Bill Walker, a Republican seeking to take Gov. Sean Parnell's job, is demanding the state provide details by August about who wants to ship gas through the proposed TransCanada pipeline, months before any final transportation agreements are reached.
State officials say they don't expect TransCanada to provide that information before year's end, long after the Republican primary in August. But even if the pipeline company gave the information to the state, they said they couldn't disclose it anyway.
Walker, an Anchorage lawyer, is a long-term advocate for an all-Alaska gas pipeline from the North Slope to a liquified natural gas plant in Valdez, with spurs to populated areas of the state. His campaign logo shows an Alaska image of blue bisected north-to-south by a pipeline of gold; his slogan is "All-Alaska Governor."
He strongly disagrees with the strategy of Parnell, and Gov. Sarah Palin before him, for bringing North Slope gas to market with a $500 million state subsidy on a line that may go to Canada. He says the state has given additional tax breaks to oil companies to keep the project alive.
Now, with the TransCanada project two-thirds through its "open season" in search of bidders to fill the line with gas, Walker says Alaskans shouldn't have to wait till December or January to learn what the bids are.
TransCanada and partner Exxon Corp. say they will build a pipeline to either TransCanada's hub in Alberta or to Valdez, depending on what the market demands. In the 90-day open season, which concludes at the end of July, they are taking secret bids from shippers, hoping to get enough orders to fill a pipeline and make its construction economically feasible despite a price tag as high as $41 billion.
Because bids are expected to contain conditions, the close of bidding at 5 p.m. Central time July 30 will start a protracted period of negotiations -- assuming any bids are received. TransCanada isn't required to disclose the bids until the negotiations are complete and a contract -- called a "precedent agreement" -- is filed with the Federal Energy Regulatory Commission. TransCanada's top Alaska pipeline official, Tony Palmer, has said that likely won't happen till after Christmas -- long after both the primary and general elections.
"I've had a lot of members of the public saying, 'We're going to go vote and not know if we just had an incredibly great open season or a complete failure?'" Walker said Friday. "I don't think I'm the only one out there saying, really? Why is this being confidential?"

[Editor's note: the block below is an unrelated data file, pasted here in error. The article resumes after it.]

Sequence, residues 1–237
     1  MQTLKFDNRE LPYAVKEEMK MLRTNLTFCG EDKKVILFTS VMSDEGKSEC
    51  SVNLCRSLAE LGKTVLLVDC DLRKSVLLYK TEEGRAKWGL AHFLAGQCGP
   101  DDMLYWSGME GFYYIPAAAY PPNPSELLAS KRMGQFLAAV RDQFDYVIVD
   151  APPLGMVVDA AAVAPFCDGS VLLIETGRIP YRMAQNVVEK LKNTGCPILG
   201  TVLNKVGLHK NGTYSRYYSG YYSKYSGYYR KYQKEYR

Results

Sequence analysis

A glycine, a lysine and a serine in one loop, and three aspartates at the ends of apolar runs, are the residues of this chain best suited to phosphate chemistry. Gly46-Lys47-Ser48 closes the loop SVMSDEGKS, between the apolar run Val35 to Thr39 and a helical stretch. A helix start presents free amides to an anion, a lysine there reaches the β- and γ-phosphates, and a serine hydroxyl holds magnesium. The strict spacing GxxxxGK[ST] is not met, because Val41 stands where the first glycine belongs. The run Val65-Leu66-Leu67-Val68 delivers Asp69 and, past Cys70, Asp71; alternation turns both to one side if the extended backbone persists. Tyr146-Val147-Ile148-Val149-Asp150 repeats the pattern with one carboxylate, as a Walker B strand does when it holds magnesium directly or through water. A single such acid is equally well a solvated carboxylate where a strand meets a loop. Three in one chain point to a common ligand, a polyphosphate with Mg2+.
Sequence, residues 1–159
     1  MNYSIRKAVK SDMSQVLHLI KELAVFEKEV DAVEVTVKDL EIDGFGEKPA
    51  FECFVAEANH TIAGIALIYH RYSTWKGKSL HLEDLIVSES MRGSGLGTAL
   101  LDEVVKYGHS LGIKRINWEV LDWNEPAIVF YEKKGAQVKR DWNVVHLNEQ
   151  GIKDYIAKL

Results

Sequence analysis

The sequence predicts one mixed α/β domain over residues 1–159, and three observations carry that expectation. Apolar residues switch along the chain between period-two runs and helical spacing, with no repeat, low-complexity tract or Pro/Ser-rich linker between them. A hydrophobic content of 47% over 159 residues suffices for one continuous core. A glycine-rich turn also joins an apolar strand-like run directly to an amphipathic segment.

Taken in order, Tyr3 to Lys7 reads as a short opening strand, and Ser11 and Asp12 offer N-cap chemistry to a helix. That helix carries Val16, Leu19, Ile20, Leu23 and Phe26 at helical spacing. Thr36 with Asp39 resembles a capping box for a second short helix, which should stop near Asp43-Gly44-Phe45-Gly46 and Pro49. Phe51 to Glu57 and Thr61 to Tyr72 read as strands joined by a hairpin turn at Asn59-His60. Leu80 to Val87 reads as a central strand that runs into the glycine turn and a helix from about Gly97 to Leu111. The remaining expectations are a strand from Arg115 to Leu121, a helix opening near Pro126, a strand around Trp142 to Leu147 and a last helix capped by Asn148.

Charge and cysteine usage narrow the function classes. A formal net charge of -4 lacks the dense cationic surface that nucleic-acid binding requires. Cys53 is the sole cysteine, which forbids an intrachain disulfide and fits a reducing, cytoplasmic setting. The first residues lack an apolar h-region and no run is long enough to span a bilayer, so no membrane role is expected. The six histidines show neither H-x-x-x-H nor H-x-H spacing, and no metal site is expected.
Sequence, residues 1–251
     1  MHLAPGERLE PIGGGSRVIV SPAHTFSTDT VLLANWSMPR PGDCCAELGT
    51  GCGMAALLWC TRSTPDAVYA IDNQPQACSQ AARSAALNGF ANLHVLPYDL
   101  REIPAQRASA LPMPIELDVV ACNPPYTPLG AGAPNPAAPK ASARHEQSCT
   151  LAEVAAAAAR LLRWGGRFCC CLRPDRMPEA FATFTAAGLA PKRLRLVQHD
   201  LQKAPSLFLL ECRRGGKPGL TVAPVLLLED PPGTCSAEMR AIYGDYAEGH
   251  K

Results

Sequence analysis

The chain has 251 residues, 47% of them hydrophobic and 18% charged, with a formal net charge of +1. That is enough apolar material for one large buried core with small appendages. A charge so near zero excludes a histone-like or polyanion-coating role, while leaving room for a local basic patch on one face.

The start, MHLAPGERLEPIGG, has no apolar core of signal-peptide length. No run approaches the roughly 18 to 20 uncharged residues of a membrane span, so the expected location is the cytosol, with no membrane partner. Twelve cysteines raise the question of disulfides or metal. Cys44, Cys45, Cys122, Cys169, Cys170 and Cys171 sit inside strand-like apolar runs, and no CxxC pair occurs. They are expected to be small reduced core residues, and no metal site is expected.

Walker filed a public records request to the governor's office June 24 demanding the open season bids submitted to TransCanada or the state. His demand letter mistakenly refers in three places to federal law, the Freedom of Information Act, or "FOIA," as the basis for his request.
Bill McAllister, a spokesman for the Attorney General's office, said Parnell has until July 9 to respond. "There's nothing to say about it -- it is being processed, that's all," McAllister said.
But the administration's top gas line official expects Walker will get very little.
Mark Myers, gas pipeline coordinator in the Department of Natural Resources, said bids in large projects are normally closely held by bidders and the pipeline company as each seeks a competitive edge in negotiations.
"You're always trying to cut a better deal than the next party," Myers said.
Negotiating points could include ownership stakes in the pipeline, the level of debt required to build it, and how cost overruns would be paid -- all items that could effect future shipping rates.
While bidders are competing against each other and trying to get the best rates out of TransCanada, there's another wrinkle, Myers said: a competing project, Denali, by BP and Conoco Phillips. Denali begins its 90-day open season July 6, and TransCanada has a commercial interest in keeping bids secret from that pipeline project too, Myers said.
"Given those complications, my druthers would be to not know what the commercial processes were," Myers said.
Unlike Denali, TransCanada is a licensee of the state under the Alaska Gasline Inducement Act, or AGIA, which provides up to $500 million for costs and other incentives. AGIA, a centerpiece of Palin's administration and firmly backed by Parnell, specifically declares that trade secrets and proprietary information obtained by the state are not subject to disclosure under Alaska's public records law.
Myers said he didn't think the state would see the bids anyway until negotiations are complete, and so would not have bid documents to withhold from Walker. But he said TransCanada's Palmer has promised to issue a general statement about bids after the conclusion of open season, and will declare if no qualifying bids are received.
Walker said that's inappropriate.
"We've paid over $100 million for this -- we should see what the results are, and also the conditions," Walker said. "If we didn't have any public money in there, I wouldn't have much of an argument. When you take public funds, there's a certain obligation to the public to know what's going on."
Find Richard Mauer online at adn.com/contact/rmauer or call 257-4345.
By RICHARD MAUER
Alaska Dispatch Publishing